EPA named European leader in providing online access to pollution permit information
November 2nd, 2017
Ireland’s environmental watchdog is a European leader is making information about highly-polluting activities easily accessible on its website, a new NGO report has found.
The new European Environmental Bureau (EEB) report found that the Environmental Protection Agency, together with authorities in Norway and Bulgaria, offer their citizens “excellent access to information”.
Researchers from the EEB – Europe’s largest network of environmental organisations – examined information on permitting conditions for all major industrial plants, including coal-fired power stations, large waste incinerators, and intensive agricultural facilities.
The report, however, also found a “huge divergence” in the quality and quantity of information across EU Member States, Norway and a number of regional authorities.
The report found that over half of the EU’s Member States are failing to share crucial information about highly-polluting activities online, with many are failing to meet even the minimum requirements for transparency under the Industrial Emissions Directive.
The Directive requires authorities to publish operating permits online alongside a justification for the permit and certain other specific information.
The report states that the overall findings “pose serious questions” about some countries’ commitment to environmental protection and access to environmental information requirements.
The EPA’s website ranks the highest among all the sites examined as part of the study and should serve as a benchmark for other EU states, according to the report.
The EPA website provides information on the industrial licensing decision-making process, environmental impact assessments, industrial emissions data and, most recently, on compliance performance at industrial facilities.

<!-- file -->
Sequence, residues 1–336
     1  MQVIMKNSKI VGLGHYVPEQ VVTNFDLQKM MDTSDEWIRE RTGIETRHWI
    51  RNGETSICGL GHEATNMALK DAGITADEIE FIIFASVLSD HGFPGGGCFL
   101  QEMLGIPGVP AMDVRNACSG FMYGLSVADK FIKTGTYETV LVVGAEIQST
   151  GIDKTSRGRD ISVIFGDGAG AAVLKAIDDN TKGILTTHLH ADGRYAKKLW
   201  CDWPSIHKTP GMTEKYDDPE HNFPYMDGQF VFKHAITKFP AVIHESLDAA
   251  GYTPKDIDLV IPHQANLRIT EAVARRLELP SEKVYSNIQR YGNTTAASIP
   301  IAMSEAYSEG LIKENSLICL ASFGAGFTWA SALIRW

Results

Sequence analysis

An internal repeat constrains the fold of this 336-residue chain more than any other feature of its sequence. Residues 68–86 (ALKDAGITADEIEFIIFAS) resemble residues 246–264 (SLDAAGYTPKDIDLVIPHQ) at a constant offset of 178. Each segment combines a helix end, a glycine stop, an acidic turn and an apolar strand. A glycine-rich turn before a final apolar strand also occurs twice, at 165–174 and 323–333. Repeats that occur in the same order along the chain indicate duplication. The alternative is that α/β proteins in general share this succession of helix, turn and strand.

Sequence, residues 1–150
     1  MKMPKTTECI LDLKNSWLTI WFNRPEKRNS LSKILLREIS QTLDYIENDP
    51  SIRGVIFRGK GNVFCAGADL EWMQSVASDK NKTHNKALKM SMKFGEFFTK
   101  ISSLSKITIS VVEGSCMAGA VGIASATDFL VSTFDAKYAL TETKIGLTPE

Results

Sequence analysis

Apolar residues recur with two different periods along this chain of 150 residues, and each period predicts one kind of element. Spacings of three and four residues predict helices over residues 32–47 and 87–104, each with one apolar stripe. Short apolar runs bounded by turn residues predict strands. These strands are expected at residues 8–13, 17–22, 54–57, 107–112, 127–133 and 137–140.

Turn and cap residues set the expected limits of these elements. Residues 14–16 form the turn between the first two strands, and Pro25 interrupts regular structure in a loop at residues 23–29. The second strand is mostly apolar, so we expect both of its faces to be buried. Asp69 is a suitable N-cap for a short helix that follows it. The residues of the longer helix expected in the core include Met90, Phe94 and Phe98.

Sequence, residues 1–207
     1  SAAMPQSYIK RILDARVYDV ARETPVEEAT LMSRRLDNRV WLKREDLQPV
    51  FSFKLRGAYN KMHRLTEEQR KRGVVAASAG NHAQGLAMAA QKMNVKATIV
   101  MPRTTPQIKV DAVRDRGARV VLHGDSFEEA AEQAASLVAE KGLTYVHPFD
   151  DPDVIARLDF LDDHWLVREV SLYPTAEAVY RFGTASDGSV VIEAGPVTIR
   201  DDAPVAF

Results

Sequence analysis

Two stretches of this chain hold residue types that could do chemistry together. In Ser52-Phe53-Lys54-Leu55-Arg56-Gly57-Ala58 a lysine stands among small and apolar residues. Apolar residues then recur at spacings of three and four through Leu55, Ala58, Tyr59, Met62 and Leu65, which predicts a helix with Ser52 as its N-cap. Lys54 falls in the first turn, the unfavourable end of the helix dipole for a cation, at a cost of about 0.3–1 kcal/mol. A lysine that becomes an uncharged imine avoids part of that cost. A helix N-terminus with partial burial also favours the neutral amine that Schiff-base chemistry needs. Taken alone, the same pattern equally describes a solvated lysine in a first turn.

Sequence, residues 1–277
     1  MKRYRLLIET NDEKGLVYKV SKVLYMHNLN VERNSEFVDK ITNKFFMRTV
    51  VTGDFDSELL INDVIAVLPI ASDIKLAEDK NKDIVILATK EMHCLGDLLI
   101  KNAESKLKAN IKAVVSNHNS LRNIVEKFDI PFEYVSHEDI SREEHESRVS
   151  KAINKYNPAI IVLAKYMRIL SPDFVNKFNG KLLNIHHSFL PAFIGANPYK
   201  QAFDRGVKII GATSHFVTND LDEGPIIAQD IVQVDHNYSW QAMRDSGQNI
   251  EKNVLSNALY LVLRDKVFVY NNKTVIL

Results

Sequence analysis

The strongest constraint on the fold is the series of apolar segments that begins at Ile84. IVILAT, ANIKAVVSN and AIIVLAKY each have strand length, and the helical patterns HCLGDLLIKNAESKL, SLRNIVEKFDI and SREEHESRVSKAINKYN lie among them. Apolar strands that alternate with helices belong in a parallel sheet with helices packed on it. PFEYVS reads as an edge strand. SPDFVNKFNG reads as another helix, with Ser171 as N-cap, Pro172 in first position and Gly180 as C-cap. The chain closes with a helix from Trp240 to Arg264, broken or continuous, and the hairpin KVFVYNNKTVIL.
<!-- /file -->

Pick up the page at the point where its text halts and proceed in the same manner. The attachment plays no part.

Earlier this year, the EPA launched the National Priority Site (NPS) list which outlines the worst industrial offenders for breaching environmental regulations. The list is updated quarterly with companies ranked based on six months’ of data on complaints, incidents, compliance investigations, and non-compliances (NCs) with licenses.
EEB researchers found the EPA’s website “easy to use” and the search function to be a “useful and powerful tool” for users to quickly and accurately find information. The researchers also commended the ability to subscribe to RSS feeds linked to permit numbers on the EPA website.
“This is a true example of proactive action to ensure that citizens have ample time to intervene to defend their environmental rights,” the report states.
In a statement, the EPA said that it was pleased to be recognised in the report and that “being a trusted regulator is a core value” of the agency.”We aim to be a role model for others by providing high quality, timely environmental data.
“Much of the work we do on public information is aimed at engaging the public in protecting and improving our environment,” the statement continues.
Room for Improvement
Although applauding the EPA’s general policy of providing licensing applications online, Attracta Uí Bhroin, Facilitator of the Environmental Law Implementation Group, said that there is “room for improvement too”.
She said that, in some instances, documentation provided to the regulator in hard copy is not scanned and made available on the website even if they are “important documents for the application”.
“These documents have been produced by the applicant and they have them in electronic form and should be required to always provide an electronic copy for the EPA website,” she added.
Ms Uí Bhroin also pointed to the high cost of fees in some instances to make submissions in relation to applications, which, she stressed, is a “real barrier to effective public participation”.
“The EPA may be ahead of the posse in some respects but it has more to do before it gets a green star for its compliance with obligations under the Aarhus Convention for certain environmental decisions,” she added.
The Convention is an international agreement to establish a number of rights of the public with regard to the environment, including guaranteed public access to environmental information, decision-making, and justice.
The launch of the EEB report comes just weeks after environmental groups slammed the EU for refusing to accept a UN ruling that it is failing to comply with the requirements of the Convention.
At last month’s Meeting of the Parties to the Convention (MoP) in Budva, Montenegro, the Aarhus Convention Compliance Committee found that the EU is non-compliant due to a failure to provide adequate access to justice at the EU level.
The EU proposed that the MoP should end the longstanding practice whereby findings of non-compliance by the Committee are endorsed by the MoP, instead proposing that the MoP should only ‘take note’ of this finding.
Every single finding of non-compliance since the establishment of the compliance mechanism in 2002 has been endorsed by the MoP with the full support of the EU.
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